Besides, with any form of caching the central point stands and this certainly stands with an additional service over and above caching such as Superfetch. You need plenty of 'free' memory over and above what applications you use to make it work. It's fine when you can put 'free' memory to work but it's not fine when you don't have it which is often the case on desktop systems. Whereas the cache itself might be relatively cost free given the benefits, if you start sticking a service on top that decides what should constantly be in the cache then you get a whole bunch of real unknowns.

It's not really the technological idea that is at fault with Superfetch. It's the idea that it knows what your usage pattern is, it knows what you'll be running in the future and the algorithms responsible for deciding it.

Reply Score: 2

JeffS Member since:
2005-07-12

"Superfetch loads things in memory it thinks you'll need. If you don't need it, no harm done - 'unloading' doesn't exist. Apps start as fast as without superfetch OR faster. Never slower. Same story with the linux memory management, expect that the linux one is less smart."

Nonsense. The way Linux uses caching is much, much smarter, IMHO. It does moderate caching, leaving much of the system RAM free. This means less disc I/O, less flushing, less paging, but also faster load time for common apps, and faster access time for common data.

SuperFetch just tries to use as much unused RAM as possible. While the idea "unused RAM is wasted RAM" sounds decent in theory, in practice it's not. Trying to purposely use up unneeded RAM just causes more activity, more disc I/O, more paging, and more flushing (when less common stuff is started). It also drains battery life on laptops faster (more stuff going on).

And of course, no caching is a bad idea, too. Caching, in a lot of areas, has proven to have speed benefits.

Thus, the middle ground is the way to go. Linux takes the middle ground. SuperFetch takes the extreme ground of caching and using as much memory and disc I/O as possible.

And the funny thing is, Linux, with it's more moderate caching, and it's utilization of less overall resources. is much much much faster, and loads apps like Firefox, Eclipse, OpenOffice, QtCreator, NetBeans, GIMP - all cross platform apps) a gazillion times faster than Vista with Superfetch.

Reply Score: 2

kerframil Member since:
2005-07-13

"Superfetch loads things in memory it thinks you'll need. If you don't need it, no harm done - 'unloading' doesn't exist. Apps start as fast as without superfetch OR faster. Never slower. Same story with the linux memory management, expect that the linux one is less smart."

Nonsense. The way Linux uses caching is much, much smarter, IMHO. It does moderate caching, leaving much of the system RAM free. This means less disc I/O, less flushing, less paging, but also faster load time for common apps, and faster access time for common data.

Now that is complete nonsense. Linux will gladly consume almost all available physical RAM for its pagecache. Case in point ... I have a Linux 2.6.28.9 system with 8G of RAM which has been up for 11 days. It currently has only 69M of RAM unused, with 637M used by applications, 523M used for kernel buffers (largely attributable to the ext4 inode cache in my case) and 6750M cached! In other words, the pagecache grows as large as it possibly can and that's a good thing.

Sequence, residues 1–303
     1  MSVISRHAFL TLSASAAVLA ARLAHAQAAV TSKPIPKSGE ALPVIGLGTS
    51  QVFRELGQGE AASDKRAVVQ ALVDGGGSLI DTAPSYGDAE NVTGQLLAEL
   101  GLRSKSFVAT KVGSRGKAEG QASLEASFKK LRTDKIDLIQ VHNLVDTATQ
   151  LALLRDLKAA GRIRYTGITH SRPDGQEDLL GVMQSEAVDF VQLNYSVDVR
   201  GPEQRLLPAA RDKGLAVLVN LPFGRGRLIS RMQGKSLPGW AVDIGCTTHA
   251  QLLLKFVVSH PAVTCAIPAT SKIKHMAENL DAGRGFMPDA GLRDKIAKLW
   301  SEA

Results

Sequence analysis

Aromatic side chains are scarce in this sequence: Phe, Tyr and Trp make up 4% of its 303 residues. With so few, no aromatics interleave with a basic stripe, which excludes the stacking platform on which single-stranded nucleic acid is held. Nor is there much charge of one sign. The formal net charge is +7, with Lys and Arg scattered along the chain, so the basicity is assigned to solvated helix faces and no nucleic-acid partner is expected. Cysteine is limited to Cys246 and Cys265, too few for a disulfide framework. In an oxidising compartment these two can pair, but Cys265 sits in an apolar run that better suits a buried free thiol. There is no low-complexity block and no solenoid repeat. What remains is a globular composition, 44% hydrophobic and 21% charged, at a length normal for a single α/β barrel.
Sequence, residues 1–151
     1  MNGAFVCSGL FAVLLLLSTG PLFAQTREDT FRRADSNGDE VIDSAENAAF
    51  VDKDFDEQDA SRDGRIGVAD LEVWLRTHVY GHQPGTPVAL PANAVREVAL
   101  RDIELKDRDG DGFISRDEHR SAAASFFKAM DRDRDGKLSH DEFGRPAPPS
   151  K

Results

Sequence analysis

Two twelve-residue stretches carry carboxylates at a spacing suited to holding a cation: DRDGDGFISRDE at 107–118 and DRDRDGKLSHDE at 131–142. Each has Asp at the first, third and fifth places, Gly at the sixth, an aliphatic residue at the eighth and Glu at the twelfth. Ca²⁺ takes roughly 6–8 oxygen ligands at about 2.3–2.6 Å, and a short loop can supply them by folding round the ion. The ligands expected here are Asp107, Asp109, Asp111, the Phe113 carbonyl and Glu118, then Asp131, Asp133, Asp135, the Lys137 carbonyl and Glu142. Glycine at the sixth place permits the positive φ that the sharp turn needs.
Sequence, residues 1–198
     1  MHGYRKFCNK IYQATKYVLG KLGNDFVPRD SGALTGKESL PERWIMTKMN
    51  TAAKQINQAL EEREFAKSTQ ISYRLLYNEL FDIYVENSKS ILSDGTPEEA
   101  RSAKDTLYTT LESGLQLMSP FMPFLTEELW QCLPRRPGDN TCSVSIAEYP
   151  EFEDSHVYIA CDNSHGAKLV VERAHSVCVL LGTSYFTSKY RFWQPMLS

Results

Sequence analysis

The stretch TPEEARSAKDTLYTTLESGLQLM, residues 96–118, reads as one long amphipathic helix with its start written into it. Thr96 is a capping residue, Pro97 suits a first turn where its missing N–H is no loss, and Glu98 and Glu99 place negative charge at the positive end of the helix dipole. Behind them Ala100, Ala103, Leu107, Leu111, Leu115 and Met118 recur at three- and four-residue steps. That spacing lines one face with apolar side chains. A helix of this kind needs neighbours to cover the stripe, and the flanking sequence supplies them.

That it does not on your PCLinuxOS system is due to an insufficient workload being generated for the pagecache to ever consume the majority of your available RAM and/or the kernel not running long enough before being shut down.

And, guess what, Windows works in the same way and there's nothing wrong with that. Indeed, it's hugely beneficial and the reason why a RAM upgrade yields immediate performance enhancements (even beyond the scope of providing for any especially memory hungry applications that may be used):

http://en.wikipedia.org/wiki/Page_cache#Memory_conservation

As the original poster alluded to, SuperFetch is a different kettle of fish. By virtue of the very nature of SuperFetch, the comment that the Linux VM is "less smart" is correct, as there is no equivalent to SuperFetch (please also note that "less smart" does not mean the same thing as "ineffective"). However, one could argue as to whether SuperFetch is worthwhile which, ultimately, is the topic under discussion here ;)

Reply Score: 1

malxau Member since:
2005-12-04

...If you don't need it, no harm done - 'unloading' doesn't exist. Apps start as fast as without superfetch OR faster. Never slower.


This story is full of comments by people indicating that it can be slower. Note that if an app requests 200Mb RAM, the memory manager still needs to walk along the standby list discarding prefetch data page-by-page, so it's more accurate to say "SF data is not written back to the pagefile", but it still needs to be unloaded.

if the IO priority system is screwed, the reading superfech does COULD interfere with other activity. Depends on the quality of the kernel's management of priorities. No idea if this is an issue at all, I doubt it, but it is possible.


If the priority system were not screwed, it could still be bad. In theory, low priority IOs should be issued to disk on a 1-in-20 basis when normal priority IO exists. If your normal pri IO is sequential, that low priority IO can still trigger a seek and slow it down.

And yes, IO priorities are far from perfect. In Vista, no priority boosting was performed if a regular priority thread was waiting on activity performed by a low priority thread. It could stall on a collided pagefault (needs the data prefetch is fetching) or on any lock in the IO path (prefetch has a lock held, issued low pri IO that takes seconds to complete, and the foreground apps wait for the lock.)